Ackerman Symposium on Medicine and Culture - Who is Responsible for the Culture of Medicine?

Date: 

Tuesday, April 24, 2012, 1:40pm

See also: 2012

Location: 

Radcliffe Gymnasium, Harvard University, 10 Garden Street, Radcliffe Yard, Cambridge, MA

Event has passed, below you'll find video footage of the event.

2012 Ackerman Lecture featuring Dr. David S. Jones from Harvard History of Science on Vimeo.

Medicine has become a defining feature of modern society. It simultaneously shapes, and is shaped by, our cultural values and practices. To understand medicine, it is necessary to broaden the inquiry beyond the biomedical sciences to include the humanities, arts and social sciences. The Ackerman Program will foster broad-ranging collaborative scholarship and activities that explore the many cultures of medicine.

Medicine has become a defining feature of modern society. It simultaneously shapes, and is shaped by, our cultural values and practices. To understand medicine, it is necessary to broaden the inquiry beyond the biomedical sciences to include the humanities, arts and social sciences. The Ackerman Program will foster broad-ranging collaborative scholarship and activities that explore the many cultures of medicine.

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Keynote Speaker

David S. Jones, MD, PhD

A. Bernard Ackerman Professor of the Culture of Medicine

David Jones completed his A.B. at Harvard College in 1993 (History and Science), and then pursued a Ph.D. in History of Science at Harvard University and an M.D. at Harvard Medical School, receiving both in 2001. After an internship in pediatrics at Children’s Hospital and Boston Medical Center, he trained as a psychiatrist at Massachusetts General Hospital and McLean Hospital, and then worked for two years as a staff psychiatrist in the Psychiatric Emergency Service at Cambridge Hospital. He joined the faculty at MIT in 2005 as an Assistant Professor of the

History and Culture of Science and Technology. From 2004 to 2008 Professor Jones directed the Center for the Study of Diversity in Science, Technology, and Medicine at MIT, organizing a successful series of conferences about race, science, and technology. In 2009 he was appointed as a MacVicar Faculty Fellow, MIT’s highest honor for faculty who have made sustained contributions to undergraduate education. He also taught as a lecturer in the Department of Global Health and Social Medicine at Harvard Medical School, where he was awarded the 2010 Donald O’Hara Faculty Prize for Excellence in Teaching. In 2011 he left MIT to join the Harvard faculty fulltime as the inaugural A. Bernard Ackerman Professor of the Culture of Medicine, a joint position between the Faculty of Arts and Sciences and the Faculty of Medicine. The Ackerman Program at Harvard University fosters collaborations in the medical humanities and social sciences across the two campuses.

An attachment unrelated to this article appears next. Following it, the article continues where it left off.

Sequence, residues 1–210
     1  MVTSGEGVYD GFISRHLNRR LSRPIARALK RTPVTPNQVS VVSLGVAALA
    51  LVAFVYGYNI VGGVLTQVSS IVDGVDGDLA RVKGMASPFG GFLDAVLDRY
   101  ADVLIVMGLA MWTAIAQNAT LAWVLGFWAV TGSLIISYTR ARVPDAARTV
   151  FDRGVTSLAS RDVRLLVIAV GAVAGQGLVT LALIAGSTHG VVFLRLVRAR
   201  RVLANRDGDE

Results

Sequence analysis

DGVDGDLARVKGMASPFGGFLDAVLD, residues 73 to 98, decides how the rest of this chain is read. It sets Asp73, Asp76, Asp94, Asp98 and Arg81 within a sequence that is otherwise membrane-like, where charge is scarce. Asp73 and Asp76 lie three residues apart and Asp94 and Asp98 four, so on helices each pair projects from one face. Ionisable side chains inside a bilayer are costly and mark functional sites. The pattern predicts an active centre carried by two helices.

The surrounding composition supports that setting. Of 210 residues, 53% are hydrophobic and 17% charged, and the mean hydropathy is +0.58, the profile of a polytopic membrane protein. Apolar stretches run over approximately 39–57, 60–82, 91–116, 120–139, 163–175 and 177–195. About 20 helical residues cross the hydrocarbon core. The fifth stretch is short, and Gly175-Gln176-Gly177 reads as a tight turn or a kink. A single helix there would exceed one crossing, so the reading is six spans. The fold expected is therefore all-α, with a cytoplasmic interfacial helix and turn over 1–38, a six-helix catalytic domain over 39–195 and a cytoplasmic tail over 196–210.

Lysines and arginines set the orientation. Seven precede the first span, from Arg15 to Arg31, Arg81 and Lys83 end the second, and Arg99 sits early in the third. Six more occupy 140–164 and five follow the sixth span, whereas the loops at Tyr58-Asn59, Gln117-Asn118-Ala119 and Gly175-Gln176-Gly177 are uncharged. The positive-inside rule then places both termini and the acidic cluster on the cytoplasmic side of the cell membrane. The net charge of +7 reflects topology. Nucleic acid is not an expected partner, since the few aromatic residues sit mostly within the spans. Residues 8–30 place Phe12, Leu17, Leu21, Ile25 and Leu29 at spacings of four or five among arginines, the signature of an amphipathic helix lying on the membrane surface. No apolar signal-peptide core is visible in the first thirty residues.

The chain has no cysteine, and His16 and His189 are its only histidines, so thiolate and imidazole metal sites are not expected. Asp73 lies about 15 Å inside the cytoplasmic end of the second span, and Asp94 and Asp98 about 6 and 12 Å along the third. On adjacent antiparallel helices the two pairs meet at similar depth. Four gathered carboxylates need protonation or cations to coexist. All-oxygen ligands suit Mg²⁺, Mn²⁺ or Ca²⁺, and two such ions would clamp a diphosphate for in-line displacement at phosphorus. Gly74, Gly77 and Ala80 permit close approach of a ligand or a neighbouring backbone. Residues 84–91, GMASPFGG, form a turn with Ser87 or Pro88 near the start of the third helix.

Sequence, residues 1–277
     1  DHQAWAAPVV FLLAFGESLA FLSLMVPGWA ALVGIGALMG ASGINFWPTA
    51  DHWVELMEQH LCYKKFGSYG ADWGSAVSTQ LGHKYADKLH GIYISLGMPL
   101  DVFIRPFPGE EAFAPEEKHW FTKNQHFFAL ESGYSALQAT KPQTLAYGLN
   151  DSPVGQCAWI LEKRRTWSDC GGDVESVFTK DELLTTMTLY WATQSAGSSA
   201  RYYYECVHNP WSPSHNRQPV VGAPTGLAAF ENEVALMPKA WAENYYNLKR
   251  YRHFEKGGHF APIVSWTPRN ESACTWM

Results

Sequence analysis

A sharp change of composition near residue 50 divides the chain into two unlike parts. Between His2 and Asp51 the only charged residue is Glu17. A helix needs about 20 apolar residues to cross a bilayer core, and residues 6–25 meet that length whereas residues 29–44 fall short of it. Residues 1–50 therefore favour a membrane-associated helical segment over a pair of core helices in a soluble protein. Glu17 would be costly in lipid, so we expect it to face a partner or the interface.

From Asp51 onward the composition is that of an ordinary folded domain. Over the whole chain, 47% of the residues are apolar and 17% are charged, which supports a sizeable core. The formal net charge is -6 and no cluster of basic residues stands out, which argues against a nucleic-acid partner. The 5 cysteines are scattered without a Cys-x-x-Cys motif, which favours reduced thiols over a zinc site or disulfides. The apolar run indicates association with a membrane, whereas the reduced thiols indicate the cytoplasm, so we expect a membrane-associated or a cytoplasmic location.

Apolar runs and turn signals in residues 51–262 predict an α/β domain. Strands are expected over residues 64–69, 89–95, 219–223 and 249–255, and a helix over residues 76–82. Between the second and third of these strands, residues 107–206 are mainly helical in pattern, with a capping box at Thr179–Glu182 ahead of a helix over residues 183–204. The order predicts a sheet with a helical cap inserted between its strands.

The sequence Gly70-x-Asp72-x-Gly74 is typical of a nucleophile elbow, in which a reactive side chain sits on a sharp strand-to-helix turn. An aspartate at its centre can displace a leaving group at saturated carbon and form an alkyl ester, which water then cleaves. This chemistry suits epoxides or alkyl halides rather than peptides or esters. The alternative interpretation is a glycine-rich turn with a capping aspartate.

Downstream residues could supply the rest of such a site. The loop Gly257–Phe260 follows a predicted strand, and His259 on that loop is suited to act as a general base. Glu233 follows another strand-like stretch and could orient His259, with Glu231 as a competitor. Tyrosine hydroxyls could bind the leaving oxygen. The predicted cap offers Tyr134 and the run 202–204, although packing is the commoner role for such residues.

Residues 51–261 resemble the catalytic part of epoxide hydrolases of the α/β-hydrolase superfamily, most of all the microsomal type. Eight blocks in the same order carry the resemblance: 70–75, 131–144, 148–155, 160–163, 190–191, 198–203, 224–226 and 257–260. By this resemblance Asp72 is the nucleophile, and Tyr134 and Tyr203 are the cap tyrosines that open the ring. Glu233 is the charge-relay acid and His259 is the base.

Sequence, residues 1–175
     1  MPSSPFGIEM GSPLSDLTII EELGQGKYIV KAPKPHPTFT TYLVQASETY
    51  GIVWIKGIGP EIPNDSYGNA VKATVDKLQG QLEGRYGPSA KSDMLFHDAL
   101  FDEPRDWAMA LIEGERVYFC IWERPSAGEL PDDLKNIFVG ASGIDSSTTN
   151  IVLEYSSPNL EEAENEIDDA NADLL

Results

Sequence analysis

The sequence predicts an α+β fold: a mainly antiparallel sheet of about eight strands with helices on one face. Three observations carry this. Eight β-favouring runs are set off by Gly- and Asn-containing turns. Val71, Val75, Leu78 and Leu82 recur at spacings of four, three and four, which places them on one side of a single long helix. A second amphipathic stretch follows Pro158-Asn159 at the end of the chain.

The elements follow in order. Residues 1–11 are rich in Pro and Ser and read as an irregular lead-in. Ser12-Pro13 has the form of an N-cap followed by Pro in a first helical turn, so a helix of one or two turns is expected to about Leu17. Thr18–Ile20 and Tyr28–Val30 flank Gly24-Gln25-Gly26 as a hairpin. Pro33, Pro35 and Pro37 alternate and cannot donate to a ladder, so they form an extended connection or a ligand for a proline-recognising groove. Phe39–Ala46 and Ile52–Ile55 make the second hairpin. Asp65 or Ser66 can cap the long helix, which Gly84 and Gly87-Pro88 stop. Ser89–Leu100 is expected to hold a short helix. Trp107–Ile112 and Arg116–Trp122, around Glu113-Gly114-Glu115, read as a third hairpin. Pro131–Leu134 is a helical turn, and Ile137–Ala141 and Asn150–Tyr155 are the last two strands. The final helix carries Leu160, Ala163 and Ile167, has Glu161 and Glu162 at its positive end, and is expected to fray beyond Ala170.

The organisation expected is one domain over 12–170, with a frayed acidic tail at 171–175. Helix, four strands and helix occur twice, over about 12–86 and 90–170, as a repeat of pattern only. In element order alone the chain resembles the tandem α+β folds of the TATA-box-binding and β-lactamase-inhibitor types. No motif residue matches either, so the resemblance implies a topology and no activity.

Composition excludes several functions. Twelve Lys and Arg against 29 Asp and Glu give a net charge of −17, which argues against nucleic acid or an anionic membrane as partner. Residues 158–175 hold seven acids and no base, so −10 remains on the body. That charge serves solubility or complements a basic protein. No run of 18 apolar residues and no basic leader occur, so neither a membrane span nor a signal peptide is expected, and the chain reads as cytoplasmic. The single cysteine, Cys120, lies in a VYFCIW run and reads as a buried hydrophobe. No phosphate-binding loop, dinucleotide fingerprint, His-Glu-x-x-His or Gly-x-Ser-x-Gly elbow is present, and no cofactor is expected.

His initial research focused on epidemics among American Indians, resulting in a book,Rationalizing Epidemics: Meanings and Uses of American Indian Mortality since 1600 (published by Harvard University Press in 2004), and several articles. Jones has also examined human subjects research, Cold War medicine, HIV and other sexually transmitted infections, and the history of cardiac surgery. His current research explores the history of decision making in cardiac therapeutics, attempting to understand how cardiologists and cardiac surgeons implement new technologies of cardiac revascularization. This research is supported by an Investigator Award in Health Policy Research from the Robert Wood Johnson Foundation, by the Foundation for Informed Medical Decision Making, and by the National Science Foundation. The first book from this work, Heart and Brain: Historical Reflections on the Risks of Medical Decision Making (2013) examines why it can be so difficult for physicians to determine the efficacy and safety of their treatments. A second book, On the Origins of Therapies, will trace the evolution of coronary artery bypass surgery.

The 2012 Ackerman Lecture is presented by the Department of the History of Science and the Department of Global Health and Social Medicine.